We Need To Talk About Cosby Trailer Reevaluates The Once-Beloved Comedian's Tarnished Legacy

A new year, a new predator to expose. Today, Showtime released the first trailer for their four-part docuseries about the consequential downfall of actor and comedian Bill Cosby. Directed by comedian W. Kamau Bell, "We Need to Talk About Cosby" addresses challenging conversations around the #MeToo movement in relation to "America's Dad," Bill Cosby, who was later revealed to be an alleged sexual predator. The series "explores the complex story of Cosby's life and work, weighing his actions against his indisputable global influence through interviews with comedians, cultural commentators, journalists and women who share their most personal, harrowing encounters with Cosby."

Bell utilizes archival footage to address how Cosby may not have been hiding in the shadows as much as people thought. Behind the colorfully designed sweaters of his character Dr. Heathcliff 'Cliff' Huxtable on "The Cosby Show," an alleged predator was dropping hints left and right in his dialogue and actions on camera and off. The docuseries includes several interviews that discuss the importance of Bill Cosby, especially to the Black community, and how that made the news of his abuse that much more painful. One of the goals of the series is to "reconsider his mark in a society where rape culture, toxic masculinity, capitalism and white supremacy is shaping how we re-evaluate sex, power and agency." 

The trailer for "We Need to Talk About Cosby" is below, but note that it contains sensitive subject matter.

We Need to Talk About Cosby Trailer

The footage starts out blunt and strong, which is valid. Sexual abuse needs to stop, and conversations around toxic masculinity, consent, power dynamics, white supremacy, and rape culture all need to happen in order for change to occur. They say hindsight is 20/20, so it's interesting to watch the interviewee reactions as they revisit Cosby's old comedy sketches and scenes from his television show. There's also some thought-provoking dialogue about coming to terms with someone you looked up to being a secretly terrible person and how to grapple with the false image that you had of them for so long.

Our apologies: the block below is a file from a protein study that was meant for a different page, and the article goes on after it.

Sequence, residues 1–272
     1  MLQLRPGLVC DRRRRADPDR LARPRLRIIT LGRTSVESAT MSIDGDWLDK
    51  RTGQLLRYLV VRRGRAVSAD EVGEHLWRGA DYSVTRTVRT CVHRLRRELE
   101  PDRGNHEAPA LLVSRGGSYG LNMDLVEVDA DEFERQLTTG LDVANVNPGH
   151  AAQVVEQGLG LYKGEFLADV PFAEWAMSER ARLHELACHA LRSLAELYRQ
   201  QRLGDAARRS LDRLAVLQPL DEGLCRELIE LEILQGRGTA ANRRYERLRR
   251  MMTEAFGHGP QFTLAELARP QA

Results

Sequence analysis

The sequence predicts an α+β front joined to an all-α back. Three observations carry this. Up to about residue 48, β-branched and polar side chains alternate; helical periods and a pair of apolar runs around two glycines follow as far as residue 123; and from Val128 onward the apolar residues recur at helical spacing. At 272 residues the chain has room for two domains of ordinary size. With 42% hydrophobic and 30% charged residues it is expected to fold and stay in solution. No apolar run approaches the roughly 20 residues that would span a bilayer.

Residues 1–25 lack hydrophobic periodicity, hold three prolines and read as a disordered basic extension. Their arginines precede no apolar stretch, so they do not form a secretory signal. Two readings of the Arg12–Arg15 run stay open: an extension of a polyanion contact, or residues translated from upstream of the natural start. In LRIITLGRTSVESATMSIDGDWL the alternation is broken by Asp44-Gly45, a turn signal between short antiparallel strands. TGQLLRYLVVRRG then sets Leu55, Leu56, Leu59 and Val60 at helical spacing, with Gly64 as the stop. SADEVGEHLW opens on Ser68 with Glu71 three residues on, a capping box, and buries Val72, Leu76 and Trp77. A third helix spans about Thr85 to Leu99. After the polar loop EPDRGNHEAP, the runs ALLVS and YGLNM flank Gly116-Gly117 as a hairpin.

We need more documentaries like this, and conversations that force our society to look back at how predators have been able to get away with abuse, and how often that abuse occurs. In doing so comes a lot of reflection around complacency, consent, and/or treatment towards those who bravely speak out. Cosby's sexual assault conviction being overturned last November was enough evidence to prove how so much change needs to happen on a macroscopic scale. 

I grew up watching "The Cosby Show," but when the news broke about Bill Cosby's alleged abuse, I was not shocked. Hiding behind a beloved persona is a perfect way to eclipse the abuse he inflicted behind closed doors. Serial killers like Ted Bundy and John Wayne Gacy understood this and did the same thing. Predators project a certain persona publicly in order to fall back on if and when their victims speak up, as we've seen with Harvey Weinstein. It's as simple as that. 

Also, just because a group of people may know one side of someone doesn't mean a more disturbing side doesn't exist. Cosby utilized his fame, public image, and comedy to assert a position of power and positive response. It's just one way to isolate survivors and make them feel like they won't be believed because so many other people have a different experience with their abuser. And just because an abuser didn't abuse you, doesn't mean they aren't an abuser. That's why we need to listen to survivors and educate each other about manipulative, toxic behaviors that have been casually ingrained into our society for far too long, and how to help work towards change.  

The most recent example of this kind of deception emerged from Netflix's "Cheer," where one of the most beloved cheerleaders, Jerry, allegedly used his fame and bubbly personality as a front to sexually prey on minors. It's not new. It's just that now people are starting to pay attention. I can go on and on about how sexual abusers aren't punished enough, survivors aren't supported and believed enough, and how many millions of rape kits are gathering dust years after an assault. But for now, it's nice to know this docuseries is coming out because awareness and dialogue are pivotal.

"We Need to Talk About Cosby" premieres on Sunday, January 30th on SHOWTIME.